If the degassing process of the coffee is not enough, it may take longer to make a cup of espresso because the amount of gas in the coffee will interfere with the water. Although this amount of gas can help create a more impressive-looking crema layer. But the taste will become less than ideal because they have been interrupted during the extraction process.

Joe Behm is president of Behmor, a company that makes SCA-certified home roasters and intelligent coffee machines. He says it’s essential to digest coffee so that the taste radiates to the fullest.

He gives an example of Guatemalan roast coffee in his award-winning Behmor 1600 Plus. After 72 hours, he said, it had a rubbery taste. But after 96 hours, the chocolate taste became more apparent, and the coffee characteristics were formed.

How Much Time Does It Take To Degass?

The degassing process allows the dispersion of carbon dioxide produced during roasting. But it would help if you didn’t want all this gas to go away. Instead, you should only remove just enough gas. The right amount of carbon dioxide will help the coffee burn and spoil.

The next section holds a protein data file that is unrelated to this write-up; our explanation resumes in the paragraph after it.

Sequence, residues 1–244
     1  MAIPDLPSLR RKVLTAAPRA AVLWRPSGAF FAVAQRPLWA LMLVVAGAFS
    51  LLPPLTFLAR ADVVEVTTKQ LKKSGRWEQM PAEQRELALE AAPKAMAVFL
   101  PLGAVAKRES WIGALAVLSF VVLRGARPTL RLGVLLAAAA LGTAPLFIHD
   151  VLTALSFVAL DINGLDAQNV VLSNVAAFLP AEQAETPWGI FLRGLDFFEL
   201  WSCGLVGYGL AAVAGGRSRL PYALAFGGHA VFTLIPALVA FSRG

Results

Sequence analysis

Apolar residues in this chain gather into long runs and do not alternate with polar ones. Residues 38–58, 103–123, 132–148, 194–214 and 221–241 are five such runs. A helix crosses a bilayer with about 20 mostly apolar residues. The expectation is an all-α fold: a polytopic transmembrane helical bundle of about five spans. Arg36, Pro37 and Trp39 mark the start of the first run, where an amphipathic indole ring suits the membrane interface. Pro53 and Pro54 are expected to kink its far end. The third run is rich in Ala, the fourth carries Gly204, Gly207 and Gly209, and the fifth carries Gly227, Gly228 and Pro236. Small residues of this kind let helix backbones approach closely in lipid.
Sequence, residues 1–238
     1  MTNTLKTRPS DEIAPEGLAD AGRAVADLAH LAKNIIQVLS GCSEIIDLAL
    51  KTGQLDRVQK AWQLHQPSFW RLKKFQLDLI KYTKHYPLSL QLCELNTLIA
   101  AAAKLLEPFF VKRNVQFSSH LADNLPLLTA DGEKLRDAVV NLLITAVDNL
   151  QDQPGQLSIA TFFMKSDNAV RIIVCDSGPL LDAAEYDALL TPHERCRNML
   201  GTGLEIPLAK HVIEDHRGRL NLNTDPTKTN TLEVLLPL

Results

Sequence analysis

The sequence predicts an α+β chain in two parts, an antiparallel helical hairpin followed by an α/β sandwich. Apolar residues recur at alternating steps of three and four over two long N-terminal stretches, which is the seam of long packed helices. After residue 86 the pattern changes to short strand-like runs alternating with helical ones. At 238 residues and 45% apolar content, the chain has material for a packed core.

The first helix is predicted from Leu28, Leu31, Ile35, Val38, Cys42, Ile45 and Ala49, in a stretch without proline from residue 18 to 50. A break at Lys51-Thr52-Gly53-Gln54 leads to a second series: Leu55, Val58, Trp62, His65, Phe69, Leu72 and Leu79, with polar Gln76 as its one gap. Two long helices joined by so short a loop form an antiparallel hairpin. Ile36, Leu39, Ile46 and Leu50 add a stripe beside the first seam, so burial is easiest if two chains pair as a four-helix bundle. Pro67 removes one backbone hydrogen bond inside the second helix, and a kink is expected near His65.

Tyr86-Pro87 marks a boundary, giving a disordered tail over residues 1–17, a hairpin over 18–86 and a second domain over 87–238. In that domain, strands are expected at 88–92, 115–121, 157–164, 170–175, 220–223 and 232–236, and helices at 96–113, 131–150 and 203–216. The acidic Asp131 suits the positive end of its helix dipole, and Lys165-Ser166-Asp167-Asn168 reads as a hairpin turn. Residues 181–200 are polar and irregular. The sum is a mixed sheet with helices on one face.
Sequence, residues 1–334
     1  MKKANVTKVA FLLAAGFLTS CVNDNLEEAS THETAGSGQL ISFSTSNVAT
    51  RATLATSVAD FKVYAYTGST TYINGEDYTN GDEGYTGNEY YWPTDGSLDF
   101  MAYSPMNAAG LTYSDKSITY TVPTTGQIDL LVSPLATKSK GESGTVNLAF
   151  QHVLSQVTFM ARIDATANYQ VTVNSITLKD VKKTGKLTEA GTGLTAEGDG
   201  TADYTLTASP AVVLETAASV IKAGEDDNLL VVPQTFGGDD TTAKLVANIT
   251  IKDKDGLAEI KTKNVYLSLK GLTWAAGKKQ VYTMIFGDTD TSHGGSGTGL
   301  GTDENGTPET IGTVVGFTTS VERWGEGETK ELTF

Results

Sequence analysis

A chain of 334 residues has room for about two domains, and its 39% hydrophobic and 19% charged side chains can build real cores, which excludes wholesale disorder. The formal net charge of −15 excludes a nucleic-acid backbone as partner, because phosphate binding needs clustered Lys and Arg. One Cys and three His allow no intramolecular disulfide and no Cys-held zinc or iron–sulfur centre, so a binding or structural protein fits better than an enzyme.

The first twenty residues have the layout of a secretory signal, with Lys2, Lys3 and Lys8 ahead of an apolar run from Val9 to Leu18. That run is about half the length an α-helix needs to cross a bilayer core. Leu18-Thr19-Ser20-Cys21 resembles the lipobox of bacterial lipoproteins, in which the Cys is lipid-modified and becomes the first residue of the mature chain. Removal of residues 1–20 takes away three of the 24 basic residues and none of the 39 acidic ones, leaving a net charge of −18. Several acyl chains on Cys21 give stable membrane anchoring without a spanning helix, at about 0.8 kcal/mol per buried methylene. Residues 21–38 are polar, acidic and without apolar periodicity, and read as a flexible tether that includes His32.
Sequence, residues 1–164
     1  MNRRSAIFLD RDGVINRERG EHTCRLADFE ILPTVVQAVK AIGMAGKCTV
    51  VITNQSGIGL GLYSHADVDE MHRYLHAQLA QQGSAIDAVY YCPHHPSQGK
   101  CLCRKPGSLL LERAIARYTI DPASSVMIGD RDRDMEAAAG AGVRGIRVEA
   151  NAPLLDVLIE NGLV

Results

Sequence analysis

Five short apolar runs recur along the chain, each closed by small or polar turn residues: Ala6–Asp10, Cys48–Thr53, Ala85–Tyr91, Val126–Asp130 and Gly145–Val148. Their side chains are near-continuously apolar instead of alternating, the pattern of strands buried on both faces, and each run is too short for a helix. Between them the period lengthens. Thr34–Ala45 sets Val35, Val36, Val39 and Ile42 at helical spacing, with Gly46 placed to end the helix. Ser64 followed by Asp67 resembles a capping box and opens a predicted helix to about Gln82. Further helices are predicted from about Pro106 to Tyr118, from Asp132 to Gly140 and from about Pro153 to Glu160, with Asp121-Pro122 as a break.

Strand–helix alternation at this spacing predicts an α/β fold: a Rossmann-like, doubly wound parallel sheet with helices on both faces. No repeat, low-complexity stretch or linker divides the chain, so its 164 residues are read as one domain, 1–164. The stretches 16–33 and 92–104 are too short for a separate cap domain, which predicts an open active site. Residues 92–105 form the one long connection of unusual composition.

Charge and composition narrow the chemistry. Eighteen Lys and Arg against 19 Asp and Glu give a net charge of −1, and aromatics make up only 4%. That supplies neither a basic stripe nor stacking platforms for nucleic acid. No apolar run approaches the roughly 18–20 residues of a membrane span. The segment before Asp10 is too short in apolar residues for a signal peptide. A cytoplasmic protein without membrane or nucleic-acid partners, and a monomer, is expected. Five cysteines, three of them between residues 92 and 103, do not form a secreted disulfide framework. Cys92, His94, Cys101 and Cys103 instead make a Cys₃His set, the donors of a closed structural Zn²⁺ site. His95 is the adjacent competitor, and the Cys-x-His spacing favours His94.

How long the degassing process takes place after roasting depends on several factors. In general, the first three days to two or three weeks after roasting is considered the right time to make coffee. But each type of coffee has its unique characteristics. Therefore, the necessary degassing time of each class is different. Factors such as brewing method, processing method, roasting profile. All affect the duration of the degassing process.

Sharayah Harper, co-founder of Uncharted Coffee Co. in Pueblo, Colorado, USA. Sharayah said the harvesting and processing process, drying, and water content are always different. The size of each coffee bean is also different. So this is why the degassing time of each type is the other.

Coffee Brewing Method

If you use the pour-over method or French press, you can use coffee for a few days after roasting. That is because coffee has more prolonged exposure to water.

Conversely, if you want to make an espresso shot, the coffee drips mean that carbon dioxide has a more significant effect on the extraction. You could say it’s an exceptional coffee. It takes time to “rest.” You’ll never see an espresso made with freshly roasted coffee. It’s essential to give coffee time off. And degassing is necessary for coffee taste.

Mark Michaelson is ahead roaster at Onyx Coffee Lab and the 2017 US Roasting competition. Mark says he usually lets his coffee rest for five to seven days after roasting to make espresso. That will mainly make it easier to make coffee.

What Is Coffee Degassing Processing?

Mark added that when Onyx coffee is used in competitions, it usually has to be roasted for 10 to 21 days because it makes the extraction easier.

Processing Methods

The standard methods of processing coffee are natural, washed, and honey processing. The way coffee is processed also has a particular effect on the degassing process. Mark says naturally processed coffee takes a longer degassing time than washed-processed coffee.

Roasting Profile